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Dietz, William Kieth

Dietz, William Kieth

July 5, 1926 — October 22, 2020

It is with great sadness that we share the passing of our beloved father and grandfather, William Dietz. Besides being the constant pillar of our family, he was also a beloved star of Kansas City advertising history, as the memorable TV character & local commercial icon, “Colonel Billy”. At the height of his popularity in the 1980’s/90’s, he was profiled nationally as one of the pioneers of “corny” tv spots, highlighted in numerous articles for the Kansas City Star, and even took his turn acting in “Annie Get Your Gun” at Starlight Theater.

Bill Dietz grew up in Des Moines, Iowa during the Depression, and was a combat veteran of World War II, receiving the Bronze Star along with numerous other medals following his honorable service. Following the war, he graduated from Drake University, and began a very successful career in journalism and advertising — first in Des Moines, and then for over 50 years in his beloved Kansas City. Fans may remember him as the gravelly voiced character who flew through the sky in recliners and rocking chairs, got buried alive in a coffin, or ran around while donning his famous whiskey barrel delivering famous one-liners to pitch everything from restaurants to car dealerships — as only he could.

Besides his great artistic talent and success in advertising, he loved to golf, and was known to walk nine holes well into his eighties. He was able to golf from Hawaii to Europe during his lifetime, but his happiest outings were with friends and family at courses closer to home. He also enjoyed many happy events as a member of the Ararat Shrine and Veterans organizations, especially the DAV. While he was a creative genius and successful businessman, he also was always ready to help out those in need. Whether it was volunteering time to promote the Shriner’s Hospitals or helping friends and family, he always believed in supporting those who needed a helping hand in order to reach their full potential. He taught us to always look for the best in people. He took great joy in attending special events for his children, grandchildren, and great-grandchildren. His charismatic nature made him a favorite to their friends and peers over their lifetimes. His bigger-than-life persona, in-hand with the love for his fellow man and country, will continue to live through all the lives he touched for generations to come. As James A. Fussell wrote in a 1996 Kansas City Star Magazine profile of famous Kansas City pitchmen “… Ah, the life and times of the one and only Col. Billy…”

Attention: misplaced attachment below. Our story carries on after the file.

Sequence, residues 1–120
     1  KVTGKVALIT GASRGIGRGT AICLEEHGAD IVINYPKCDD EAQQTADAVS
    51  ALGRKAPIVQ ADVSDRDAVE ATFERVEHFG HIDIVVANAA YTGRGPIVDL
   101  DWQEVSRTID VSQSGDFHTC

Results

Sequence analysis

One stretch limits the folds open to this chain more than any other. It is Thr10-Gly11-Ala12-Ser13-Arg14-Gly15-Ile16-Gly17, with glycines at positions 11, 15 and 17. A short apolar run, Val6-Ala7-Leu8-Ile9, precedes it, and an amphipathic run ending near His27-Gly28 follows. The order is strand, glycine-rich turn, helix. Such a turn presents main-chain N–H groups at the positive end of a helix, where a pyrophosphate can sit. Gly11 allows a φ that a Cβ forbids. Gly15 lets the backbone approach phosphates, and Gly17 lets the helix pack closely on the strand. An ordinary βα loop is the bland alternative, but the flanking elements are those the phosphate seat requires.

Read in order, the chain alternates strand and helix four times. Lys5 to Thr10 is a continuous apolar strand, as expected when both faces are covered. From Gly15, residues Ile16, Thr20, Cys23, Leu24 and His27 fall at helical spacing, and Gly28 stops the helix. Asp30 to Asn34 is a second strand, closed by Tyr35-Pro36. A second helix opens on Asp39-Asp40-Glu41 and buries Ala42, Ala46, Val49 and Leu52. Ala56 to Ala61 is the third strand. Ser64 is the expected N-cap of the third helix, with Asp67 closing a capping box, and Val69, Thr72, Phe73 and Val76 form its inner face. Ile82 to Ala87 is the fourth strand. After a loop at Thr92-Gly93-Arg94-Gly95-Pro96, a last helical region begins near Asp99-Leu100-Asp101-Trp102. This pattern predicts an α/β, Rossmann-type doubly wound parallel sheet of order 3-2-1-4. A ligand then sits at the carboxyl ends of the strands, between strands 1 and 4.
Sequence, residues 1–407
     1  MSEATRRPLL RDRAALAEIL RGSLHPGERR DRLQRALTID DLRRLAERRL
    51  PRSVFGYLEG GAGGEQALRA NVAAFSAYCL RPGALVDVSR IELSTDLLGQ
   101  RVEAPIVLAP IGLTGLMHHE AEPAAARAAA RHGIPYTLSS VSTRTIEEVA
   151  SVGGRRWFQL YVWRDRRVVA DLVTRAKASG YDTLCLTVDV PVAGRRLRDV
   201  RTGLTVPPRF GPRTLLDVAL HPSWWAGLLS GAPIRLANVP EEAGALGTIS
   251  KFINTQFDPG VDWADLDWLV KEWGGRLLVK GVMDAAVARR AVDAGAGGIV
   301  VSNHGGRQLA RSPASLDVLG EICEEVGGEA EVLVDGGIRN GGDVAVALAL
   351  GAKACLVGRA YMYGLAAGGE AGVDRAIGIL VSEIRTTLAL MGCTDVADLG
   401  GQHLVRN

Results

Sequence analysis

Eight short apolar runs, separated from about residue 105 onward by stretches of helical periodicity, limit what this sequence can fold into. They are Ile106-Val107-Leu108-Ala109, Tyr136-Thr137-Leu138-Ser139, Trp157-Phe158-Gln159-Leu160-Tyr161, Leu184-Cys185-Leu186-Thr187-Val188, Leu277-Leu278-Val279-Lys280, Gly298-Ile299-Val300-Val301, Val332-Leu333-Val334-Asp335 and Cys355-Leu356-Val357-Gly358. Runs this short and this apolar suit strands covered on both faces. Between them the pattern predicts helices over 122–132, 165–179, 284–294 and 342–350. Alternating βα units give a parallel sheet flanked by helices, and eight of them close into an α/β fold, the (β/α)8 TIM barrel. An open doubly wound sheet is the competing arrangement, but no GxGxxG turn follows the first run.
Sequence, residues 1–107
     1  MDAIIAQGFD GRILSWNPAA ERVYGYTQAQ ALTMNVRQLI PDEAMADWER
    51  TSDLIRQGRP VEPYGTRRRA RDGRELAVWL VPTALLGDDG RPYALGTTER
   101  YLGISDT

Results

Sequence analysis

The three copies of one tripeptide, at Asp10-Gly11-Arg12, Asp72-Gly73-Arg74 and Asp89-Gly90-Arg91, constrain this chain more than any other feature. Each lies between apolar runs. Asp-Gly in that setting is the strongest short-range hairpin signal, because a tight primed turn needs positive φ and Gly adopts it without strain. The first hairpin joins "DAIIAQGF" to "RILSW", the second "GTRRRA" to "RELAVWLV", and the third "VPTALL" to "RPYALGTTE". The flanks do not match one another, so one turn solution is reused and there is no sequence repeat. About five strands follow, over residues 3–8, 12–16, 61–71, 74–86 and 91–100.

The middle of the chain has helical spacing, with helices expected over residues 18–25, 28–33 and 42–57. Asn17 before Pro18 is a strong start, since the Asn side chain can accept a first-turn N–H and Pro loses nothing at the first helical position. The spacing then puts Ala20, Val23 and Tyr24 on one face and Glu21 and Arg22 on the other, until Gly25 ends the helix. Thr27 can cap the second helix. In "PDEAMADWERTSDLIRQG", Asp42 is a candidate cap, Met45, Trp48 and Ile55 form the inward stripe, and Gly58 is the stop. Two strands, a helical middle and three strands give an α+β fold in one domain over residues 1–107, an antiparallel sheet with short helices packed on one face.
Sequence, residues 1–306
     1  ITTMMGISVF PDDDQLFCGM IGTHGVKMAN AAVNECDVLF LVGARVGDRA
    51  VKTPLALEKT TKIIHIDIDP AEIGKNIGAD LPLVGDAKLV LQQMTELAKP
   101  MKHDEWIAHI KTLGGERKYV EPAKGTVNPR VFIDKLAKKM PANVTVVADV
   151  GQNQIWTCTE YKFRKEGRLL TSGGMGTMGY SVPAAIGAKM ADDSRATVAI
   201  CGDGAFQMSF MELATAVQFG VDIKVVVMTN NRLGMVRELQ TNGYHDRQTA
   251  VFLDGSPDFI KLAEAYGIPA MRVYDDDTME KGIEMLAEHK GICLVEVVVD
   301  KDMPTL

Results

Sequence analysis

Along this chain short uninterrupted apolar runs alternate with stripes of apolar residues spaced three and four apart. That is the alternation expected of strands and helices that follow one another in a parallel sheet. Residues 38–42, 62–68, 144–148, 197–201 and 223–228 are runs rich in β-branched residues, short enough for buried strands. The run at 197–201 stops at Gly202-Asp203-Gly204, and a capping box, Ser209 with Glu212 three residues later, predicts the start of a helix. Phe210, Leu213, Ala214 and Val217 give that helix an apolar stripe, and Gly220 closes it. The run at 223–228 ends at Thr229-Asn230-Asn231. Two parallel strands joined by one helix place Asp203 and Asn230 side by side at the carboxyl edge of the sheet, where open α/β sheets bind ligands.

William is preceded in death by his wife Betty; his son and daughter-in-law Danny and Bonnie Dietz, and brother Fenton Dietz. He is survived by his daughters Terry Paine and Amy Dietz; his grandchildren: Erin Rineberg (Nick), Ryan William-Dietz Rusin, Travis Dietz (Kerri), and Tina McKinney (Kyle); great-grandchildren: Megan, Jacob, and Jarrett Dietz, and Kellen and Katie McKinney; nephews Kirk and Carl Dietz, niece Mary Kay Seybold and their spouses; many great-nieces and nephews; and Betty’s daughter Janine (Colt) along with their 3 daughters.

Bill will be laid to rest by his wife Betty at Green Lawn Cemetery at Park Lawn Funeral Home. A Memorial Service to celebrate his most wonderful life will be held at a later date.

Service Information

Bill will be laid to rest by his wife Betty at Green Lawn Cemetery at Park Lawn Funeral Home. A Memorial Service to celebrate his most wonderful life will be held at a later date.

Dietz, William Kieth's Guestbook

Thank you for your service and years of entertainment.


💔 A true Kansas City Icon! Rest in Paradise, sir. Our deepest condolences to your loved ones. The Marriott Family - Warren, Edna, Crystal, Dawn, Calen, Kyle, Jesse and Ashley

Crystal Marriott

I worked with Col. Billy at Boots Williams Ford. There never was a dull moment when those two were together doing Commercials for the Ford Dealership in Red Bridge Road. Rest In Peace. I hope God is ready for you and Boots when you two meet up again.

Judy Farrow

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